Skip to Main Content

I hate my life: What’s the correct response to these words?

Educational Resources

Many people have hit a point of feeling overwhelmed with the pressures of daily life. For some, this feeling can pass with time. But for people dealing with major depression, the situation can easily feel hopeless or out of control.

If your loved one struggles with depression, you want to do what you can to help. It can be tough to hear someone you love say “I hate my life.” But the right response can help them see they’re not alone, and that hope is available.


“I Hate My Life”: Why does your loved one feel this way?

Millions of Americans suffer from depression. And yet, it’s easy to feel alone when dealing with its symptoms. “I hate my life” is a common response to feeling alone and hopeless.

Depending on the individual, depression may be triggered by stressful life events, it could be genetic, or it may be due to problems with mood regulation in the brain. In any case, depression is a real illness. And while it is treatable, it can take some time for your loved one to finally seek treatment.


What not to say to someone with depression

When a loved one suffers from depression, you want to help. You certainly wouldn’t want a friend or family member to feel as if their life is worthless. So your first instinct may be to respond in a way that dismisses the feeling or attempts to redirect.

However, it’s important to remember that depression is not a fleeting feeling of sadness. And what’s worked for you before may not work for someone with a mental health disorder. Here’s what you should avoid saying if someone shares their feelings of depression.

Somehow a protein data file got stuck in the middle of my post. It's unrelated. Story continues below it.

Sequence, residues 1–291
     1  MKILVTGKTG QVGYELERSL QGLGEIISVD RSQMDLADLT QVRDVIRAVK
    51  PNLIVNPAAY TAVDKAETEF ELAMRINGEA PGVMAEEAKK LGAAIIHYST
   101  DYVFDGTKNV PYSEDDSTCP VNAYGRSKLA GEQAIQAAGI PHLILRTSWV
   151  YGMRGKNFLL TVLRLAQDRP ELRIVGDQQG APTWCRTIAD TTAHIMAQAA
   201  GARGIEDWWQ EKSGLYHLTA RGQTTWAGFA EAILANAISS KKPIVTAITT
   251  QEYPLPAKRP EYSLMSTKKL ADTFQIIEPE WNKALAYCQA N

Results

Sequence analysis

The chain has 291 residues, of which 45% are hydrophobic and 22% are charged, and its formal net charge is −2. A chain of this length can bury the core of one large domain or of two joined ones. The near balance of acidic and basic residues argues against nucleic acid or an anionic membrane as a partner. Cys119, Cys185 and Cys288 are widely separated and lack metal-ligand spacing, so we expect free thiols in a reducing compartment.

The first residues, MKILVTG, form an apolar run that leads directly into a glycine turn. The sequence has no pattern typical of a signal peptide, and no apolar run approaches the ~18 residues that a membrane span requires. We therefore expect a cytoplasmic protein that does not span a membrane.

• “Suck it up.” Depression is a serious illness requiring treatment. Attempting to hide the problem may only worsen the symptoms over time.
  • “A lot of people have it worse than you.” While this may be true, your loved one’s depression makes it feel as if the problem is severe. Besides, this may only make your loved one feel worse about feeling so badly when it’s “undeserved.”
  • “You’ll feel better if you…” Prescribing a solution for depression won’t solve the root of the problem. Simply going outside, watching TV, or reading a book may be a welcome distraction, but the illness won’t go away.


So what should you say?

If someone says “I hate my life,” they’ve likely used up a lot of courage to share their feelings. Mostly, they just want someone to listen. By listening carefully and responding in a thoughtful way, you can help someone see that there is hope for a fulfilling life ahead.


  • “I’m here for you.” When a loved one is in a dark place, it’s good to know you will be there for them no matter how bad things seem. However, it’s important to follow this up with action, following up on them until they’re ready to seek treatment (and continuing into their recovery).
  • “Depression is real.” This can help more than you realize. Coupled with depression is often a feeling that their sadness is invalid, and that something is wrong with them for feeling this way. You can help by acknowledging that this hopelessness may be a symptom of depression, that depression is a very real illness that can be treated, and that they are not alone.
  • “I’m happy to help you find treatment.” It’s always helpful to tell someone with depression that this is not the end, and that they are not alone. But it’s even better when you can encourage them to seek treatment.


Hope is available from the caring professional at Rosecrance. Find mental health treatment by calling Rosecrance at 866.928.5278.

Get Help Now (866) 330-8729